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Is the birth registration system fit for purpose? The rights of donor conceived adults
Date:4 AUG 2014
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Family Law

MARILYN CRAWSHAW, Honorary Fellow, Department of Social Policy and Social Work, University of York
JULIE WALLBANK, Senior Lecturer, School of Law, University of Leeds

Birth registration is a key route through which the right to know one’s genetic origins, a right enshrined in human rights conventions and acknowledged in family law, can be protected.

However the separation of legal and biological parentage resulting from donor-assisted conception treatments has compromised such provision. Instead, the right of those affected to know the identity or involvement of their biological parents is left to the discretion of their legal parents (who sometimes withhold the information) or to disclosure through accident or otherwise.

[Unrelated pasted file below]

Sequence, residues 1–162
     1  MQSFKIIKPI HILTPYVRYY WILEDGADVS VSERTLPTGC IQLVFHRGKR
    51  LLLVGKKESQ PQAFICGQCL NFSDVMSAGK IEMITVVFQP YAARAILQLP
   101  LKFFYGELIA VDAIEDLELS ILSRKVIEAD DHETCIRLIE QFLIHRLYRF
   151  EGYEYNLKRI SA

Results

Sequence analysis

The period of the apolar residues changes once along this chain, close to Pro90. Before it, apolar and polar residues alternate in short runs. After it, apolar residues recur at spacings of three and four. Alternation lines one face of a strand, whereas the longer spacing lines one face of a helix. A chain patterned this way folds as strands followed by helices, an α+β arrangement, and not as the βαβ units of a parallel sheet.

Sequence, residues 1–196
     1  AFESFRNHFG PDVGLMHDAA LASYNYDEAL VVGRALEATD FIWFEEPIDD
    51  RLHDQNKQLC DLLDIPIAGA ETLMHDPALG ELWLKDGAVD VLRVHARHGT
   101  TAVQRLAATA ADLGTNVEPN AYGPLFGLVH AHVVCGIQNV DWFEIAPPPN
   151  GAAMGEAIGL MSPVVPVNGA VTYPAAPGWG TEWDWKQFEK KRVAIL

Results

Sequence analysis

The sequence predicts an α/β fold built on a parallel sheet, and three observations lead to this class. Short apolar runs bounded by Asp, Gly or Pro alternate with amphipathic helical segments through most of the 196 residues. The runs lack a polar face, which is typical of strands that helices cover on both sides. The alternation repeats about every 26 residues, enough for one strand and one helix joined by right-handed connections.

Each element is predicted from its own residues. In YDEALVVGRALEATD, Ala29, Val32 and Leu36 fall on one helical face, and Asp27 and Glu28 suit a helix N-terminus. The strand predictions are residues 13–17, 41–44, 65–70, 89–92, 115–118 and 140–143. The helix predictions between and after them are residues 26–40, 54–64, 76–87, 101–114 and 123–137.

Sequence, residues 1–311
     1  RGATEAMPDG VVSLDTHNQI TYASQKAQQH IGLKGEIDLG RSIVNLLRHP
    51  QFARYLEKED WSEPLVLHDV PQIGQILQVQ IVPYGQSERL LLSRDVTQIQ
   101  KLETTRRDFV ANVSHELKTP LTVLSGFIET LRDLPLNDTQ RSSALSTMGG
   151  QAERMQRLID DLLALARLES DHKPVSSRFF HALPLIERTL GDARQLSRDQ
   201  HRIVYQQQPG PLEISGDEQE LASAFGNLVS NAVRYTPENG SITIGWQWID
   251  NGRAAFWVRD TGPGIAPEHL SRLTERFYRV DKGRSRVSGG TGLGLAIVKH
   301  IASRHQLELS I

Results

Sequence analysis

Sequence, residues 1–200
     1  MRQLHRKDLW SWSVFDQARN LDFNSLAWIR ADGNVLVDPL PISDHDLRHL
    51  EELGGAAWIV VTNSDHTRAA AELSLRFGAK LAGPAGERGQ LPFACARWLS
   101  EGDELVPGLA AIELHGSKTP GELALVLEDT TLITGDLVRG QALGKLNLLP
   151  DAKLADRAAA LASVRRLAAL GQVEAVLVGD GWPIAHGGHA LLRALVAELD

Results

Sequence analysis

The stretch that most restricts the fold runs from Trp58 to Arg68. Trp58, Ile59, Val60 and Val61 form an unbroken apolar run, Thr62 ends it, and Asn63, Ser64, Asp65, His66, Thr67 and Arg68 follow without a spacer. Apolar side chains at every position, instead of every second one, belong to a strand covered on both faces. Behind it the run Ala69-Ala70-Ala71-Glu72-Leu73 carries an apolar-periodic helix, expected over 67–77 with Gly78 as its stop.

This paper outlines a recent case in which a donor-conceived adult was successful in having the man whom she had previously understood to be her biological father removed from her birth certificate on the grounds that this more accurately represents her origins.

It discusses the need to review the birth registration system to ensure that it enables the identification of biological as well as legal parents where information about the former is stored in third party records and suggests ways of achieving this.

It argues that this would encourage early disclosure by legal parents and affirm state commitment to the human right to such information.


The full version of this article appears in the August 2014 issue of Family Law.

Online subscribers can access the article here.

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